April 2009 Archives Congratulations to David Perkins, who has won a shiny new PlayStation 3 console for his first Your Turn contribution to Screen Play.
David, a 25 year old Scottish emigrant who now works at the Melbourne museum, won the prize for his thoughts on the rude and obnoxious gamers that too often spoil his fun while playing online. The best blog post published on Screen Play each month (as judged by Jason Hill) wins a PS3 console courtesy of Sony Computer Entertainment, worth $699. Articles can cover any topic related to interactive entertainment. I look forward to reading your entries. Sucker Punch game director Nate Fox is a playful guy. He's created three fun Sly Raccoon games, likes to trash talk to stir up rival game developers, and even likes to spice up media presentations for his upcoming superhero caper inFamous with a private joke. Before Screen Play's presentation on the game, Nate asks me quietly for three random words. I oblige, and Nate promises he will surreptitiously insert the obscure words into his formal presentation. The amusing game is constructed entirely for my benefit, and seems indicative of the sense of playfulness and adventure that the Seattle based Sucker Punch has for their work. InFamous, due for release in Australia on PlayStation 3 in June, should be one of the highlights of the gaming year, offering an electrifying playground to romp around and a stronger narrative than Xbox 360 gem Crackdown, arguably it's closest cousin. Nate begins the presentation by saying he is excited to be launching a "new character and a new experience" following sales of four million Sly Raccoon games. "As you might imagine, we're big fans of graphic novels and we wanted to make a superhero game from the ground up that works really well as a video game first and foremost. InFamous is a game that will give you the feeling of being a modern day superhero." The game begins with Empire City "rocked to the core" a mysterious explosion that levels six square blocks of the city, with the game's protagonist Cole walking away from the blast with his life changed forever. "That's the event, the tragedy, with thousands of lives lost," says Nate. "The camera pulls in on this crater of destruction and standing right in the middle of it is this guy getting up. Then you're playing the game. You get to experience Cole's experience in full as he gets anniversary pandora charm out of this scene of destruction and comes to understand what is happening to Empire City." Early in the game Cole is desperate to get some food, as people in the city are already starving, but his situation soon becomes much worse than it already is. "There is some footage with what seems to be the explosive device that took out the city," Nate explains, and Cole was the courier holding it. "Cole is branded a terrorist, so is hated, loathed. They (the general public) will attack you. They like to hurl rocks to deck you. So you will not only go from 'zero to hero' but from a really hated person to a hero, if you choose to do that." In addition to graphic novels like Batman: No Man's Land and DMZ, Nate's experience of getting caught up in the 1999 Seattle riots triggered by the World Trade Organisation Conference was pivotal to the game. "I found myself in that riot," Nate explains, "and it was really interesting because when we were getting tear gassed, people around me were breaking into windows and stuff, there are no cops, you are not going to get arrested being a jerk, so a lot of people around me were offering me food, water to wash out my eyes, people don't do that in everyday life, right? In this place where there were no consequences, people are still very kind. It made me think about what would exist in this game world when people are operating in a more base level." Like the popular television program Heroes, the game superimposes extraordinary powers on top of a realistic world. In Cole's case, he discovers after the blast that he has been transformed and has amazing electrical powers. "There you are, an everyday Joe, and you get powers," says Nate. "What's going through your head? Am I crazy? Am I sick? How will people react to you? "The first thing is, you probably won't buy a cape and a giant belt buckle. As good as you might look in one, you probably wouldn't do it. Also, you would become the focus of a lot of people's attention. You become a celebrity, right? Or if you were a jerk with your powers, like I am, you become hated inFamous in the world." Nate says it's no secret that most people will be attracted to the game because of pandora australia locations the "really cool superpowers". "So of course from the beginning of the game you can do things like chuck cars around (with electromagnetic bursts). And of course you can use your powers to take people alive, using electricity to incapacitate the enemy as opposed to killing them outright. "You can choose to be a nice guy or a total jerk. And of course you also have more destructive powers, like hurling charged objects that take out everyone around." You can also hurl electrical grenades and charge up otherwise inoperative railroads. Train surfing looks heaps of fun, and is an opportunity to take out foes using creative methods. A power grid has been modelled for Empire City, validating Nate's claim that "we're going very deep on this electrical superhero theme". "Cole can gain extra energy for his heavier powers by sucking juice out of the system, which is a good idea because you never know what you're going to have to face in Empire City. Large portions of the city have blackouts, and Cole can't regenerate his health here, or get more juice for his powers." How you play the pandora charms order online game affects how you can upgrade your powers. Basic powers like an electro magnetic push change if you're acting as "a virtuous person" or "a total jerk" according to Nate. "Each power can be upgraded over the course of the game, and we give you a ton of new powers. It's really nice to get a new toy to play with." Just don't expect to be handling weapons, as Cole's electrical energy would cause them to explode in his hands, but they are unlikely to be missed. Nate says it was clear from the outset that the game had to be an open world, or "sandbox", but despite the superpowers his team were determined to make it feel more realistic than other games in the genre. "We're making an open world sandbox city where it's full of people that remember what you do to them. If you treat people in the city badly they will remember. "Unlike a lot of games where it's just you versus the military, here the streets are always crowded with people. There are innocent people who you can obviously try to protect or just indiscriminately murder, if that's your angle. "Like an ER doctor, Cole can also use his electrical powers as a defibrillator to bring people back pandora watches with charms (from the dead) and they are going to remember that the population that might have been trying to stone you to death might stop hating your ass. What you do has consequences." Moreover, Nate says the city itself is "alive with something we call the crime ecology". "I don't know if you guys have ever gone for a walk in the jungle, I have, it's very scary, there are snakes, jaguars, scary st all around you. You don't know where it is, but you know it's there. That's what going for a walk in Empire City is like." Nate describes the map of the city as like a Risk board with different territories controlled by different groups. "We have these different gangs who are at war with each other and there are outside factions that you come to understand as the game progresses.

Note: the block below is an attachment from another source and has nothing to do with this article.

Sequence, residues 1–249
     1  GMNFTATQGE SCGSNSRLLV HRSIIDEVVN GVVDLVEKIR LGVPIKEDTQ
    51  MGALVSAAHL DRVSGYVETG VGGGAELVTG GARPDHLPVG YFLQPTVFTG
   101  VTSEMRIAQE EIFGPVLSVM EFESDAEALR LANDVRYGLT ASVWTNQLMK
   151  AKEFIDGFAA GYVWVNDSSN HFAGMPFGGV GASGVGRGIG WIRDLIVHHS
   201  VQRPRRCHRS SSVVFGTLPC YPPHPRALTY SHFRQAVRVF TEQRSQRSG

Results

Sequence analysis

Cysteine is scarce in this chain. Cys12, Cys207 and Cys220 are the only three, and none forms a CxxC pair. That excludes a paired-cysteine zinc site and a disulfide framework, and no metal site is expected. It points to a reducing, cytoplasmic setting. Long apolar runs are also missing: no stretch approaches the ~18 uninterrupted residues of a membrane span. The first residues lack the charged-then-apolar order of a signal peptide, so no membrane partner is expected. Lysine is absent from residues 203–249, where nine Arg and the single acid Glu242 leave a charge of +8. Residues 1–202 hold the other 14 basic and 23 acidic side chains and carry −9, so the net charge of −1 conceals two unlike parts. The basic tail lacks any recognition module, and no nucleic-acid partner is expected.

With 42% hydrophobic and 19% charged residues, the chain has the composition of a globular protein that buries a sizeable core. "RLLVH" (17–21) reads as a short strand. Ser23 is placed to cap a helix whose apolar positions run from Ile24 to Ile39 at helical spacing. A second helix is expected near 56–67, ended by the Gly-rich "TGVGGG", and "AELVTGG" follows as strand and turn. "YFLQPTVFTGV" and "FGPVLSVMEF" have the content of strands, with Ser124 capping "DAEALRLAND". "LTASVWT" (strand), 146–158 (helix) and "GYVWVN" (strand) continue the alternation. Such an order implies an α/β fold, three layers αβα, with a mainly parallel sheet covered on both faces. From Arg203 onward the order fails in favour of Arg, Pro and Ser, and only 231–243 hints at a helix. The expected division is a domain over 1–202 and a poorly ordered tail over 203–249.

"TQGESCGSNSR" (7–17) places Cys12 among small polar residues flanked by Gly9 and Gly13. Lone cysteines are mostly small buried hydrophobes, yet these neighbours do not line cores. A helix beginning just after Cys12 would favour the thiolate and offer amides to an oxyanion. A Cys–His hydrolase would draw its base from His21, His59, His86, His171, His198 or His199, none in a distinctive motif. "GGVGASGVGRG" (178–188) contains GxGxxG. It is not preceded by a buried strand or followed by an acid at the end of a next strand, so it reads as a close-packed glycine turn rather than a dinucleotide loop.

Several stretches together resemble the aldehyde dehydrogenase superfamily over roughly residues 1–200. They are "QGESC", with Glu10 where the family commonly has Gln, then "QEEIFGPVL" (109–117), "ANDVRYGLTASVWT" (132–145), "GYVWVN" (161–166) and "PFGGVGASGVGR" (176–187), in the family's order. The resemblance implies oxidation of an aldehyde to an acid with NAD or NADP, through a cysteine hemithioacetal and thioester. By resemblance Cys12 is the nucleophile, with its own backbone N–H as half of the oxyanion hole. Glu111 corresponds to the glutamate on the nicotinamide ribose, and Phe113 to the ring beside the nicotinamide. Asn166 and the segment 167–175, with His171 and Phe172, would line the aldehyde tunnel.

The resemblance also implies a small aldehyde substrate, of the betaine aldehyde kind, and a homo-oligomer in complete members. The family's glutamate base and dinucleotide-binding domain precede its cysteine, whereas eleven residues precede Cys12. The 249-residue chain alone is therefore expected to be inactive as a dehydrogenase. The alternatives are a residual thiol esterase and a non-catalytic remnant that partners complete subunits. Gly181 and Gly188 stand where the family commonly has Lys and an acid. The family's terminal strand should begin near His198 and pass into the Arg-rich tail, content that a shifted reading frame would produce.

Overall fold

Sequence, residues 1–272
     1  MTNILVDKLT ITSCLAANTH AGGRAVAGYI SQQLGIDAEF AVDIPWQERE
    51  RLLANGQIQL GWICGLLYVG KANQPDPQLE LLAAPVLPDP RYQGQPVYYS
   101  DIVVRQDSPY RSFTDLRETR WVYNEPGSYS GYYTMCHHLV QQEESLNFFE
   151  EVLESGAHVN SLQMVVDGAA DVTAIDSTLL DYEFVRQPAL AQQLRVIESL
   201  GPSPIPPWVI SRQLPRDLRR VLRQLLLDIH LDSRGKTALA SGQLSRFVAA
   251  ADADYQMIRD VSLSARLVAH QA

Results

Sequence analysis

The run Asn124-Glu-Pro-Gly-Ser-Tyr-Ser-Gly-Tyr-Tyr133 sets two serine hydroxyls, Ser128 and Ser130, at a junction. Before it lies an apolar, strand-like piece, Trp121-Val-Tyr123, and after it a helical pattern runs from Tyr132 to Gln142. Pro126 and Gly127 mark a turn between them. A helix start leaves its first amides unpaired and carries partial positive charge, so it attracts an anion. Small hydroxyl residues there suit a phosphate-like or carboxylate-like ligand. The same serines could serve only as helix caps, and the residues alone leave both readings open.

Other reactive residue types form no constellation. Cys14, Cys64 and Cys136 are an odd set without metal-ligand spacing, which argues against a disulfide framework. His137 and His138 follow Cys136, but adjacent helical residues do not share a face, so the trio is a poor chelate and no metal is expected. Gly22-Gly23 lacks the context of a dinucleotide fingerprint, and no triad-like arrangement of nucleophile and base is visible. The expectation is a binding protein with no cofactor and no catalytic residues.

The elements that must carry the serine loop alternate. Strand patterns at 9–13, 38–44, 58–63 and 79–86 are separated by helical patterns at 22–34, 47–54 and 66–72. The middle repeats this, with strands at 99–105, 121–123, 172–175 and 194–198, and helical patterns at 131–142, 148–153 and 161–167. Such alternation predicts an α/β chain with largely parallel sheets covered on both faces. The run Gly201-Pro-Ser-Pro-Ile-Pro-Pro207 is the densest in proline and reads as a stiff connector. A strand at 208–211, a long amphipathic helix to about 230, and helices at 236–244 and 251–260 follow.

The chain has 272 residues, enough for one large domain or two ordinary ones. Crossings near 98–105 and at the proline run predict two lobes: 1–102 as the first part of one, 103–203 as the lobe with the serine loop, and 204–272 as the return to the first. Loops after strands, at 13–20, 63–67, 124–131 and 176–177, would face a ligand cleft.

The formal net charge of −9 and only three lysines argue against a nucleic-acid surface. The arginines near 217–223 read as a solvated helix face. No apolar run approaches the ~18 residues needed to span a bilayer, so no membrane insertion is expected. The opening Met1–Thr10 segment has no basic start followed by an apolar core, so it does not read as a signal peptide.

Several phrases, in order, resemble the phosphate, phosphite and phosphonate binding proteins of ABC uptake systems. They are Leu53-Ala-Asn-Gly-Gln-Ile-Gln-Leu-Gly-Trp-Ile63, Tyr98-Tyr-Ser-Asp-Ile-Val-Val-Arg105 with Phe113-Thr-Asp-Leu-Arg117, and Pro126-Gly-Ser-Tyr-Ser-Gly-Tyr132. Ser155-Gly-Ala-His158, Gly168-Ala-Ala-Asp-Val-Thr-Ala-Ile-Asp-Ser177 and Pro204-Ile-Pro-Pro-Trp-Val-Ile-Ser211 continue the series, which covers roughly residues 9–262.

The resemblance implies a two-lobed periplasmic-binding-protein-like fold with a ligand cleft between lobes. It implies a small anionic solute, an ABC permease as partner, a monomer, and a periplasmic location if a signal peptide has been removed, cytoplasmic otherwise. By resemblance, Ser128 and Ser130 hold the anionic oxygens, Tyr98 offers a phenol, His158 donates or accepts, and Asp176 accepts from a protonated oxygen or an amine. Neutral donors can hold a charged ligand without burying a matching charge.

It's not just the world against you. There are civilians, the police, the gangs, a lot of different groups.".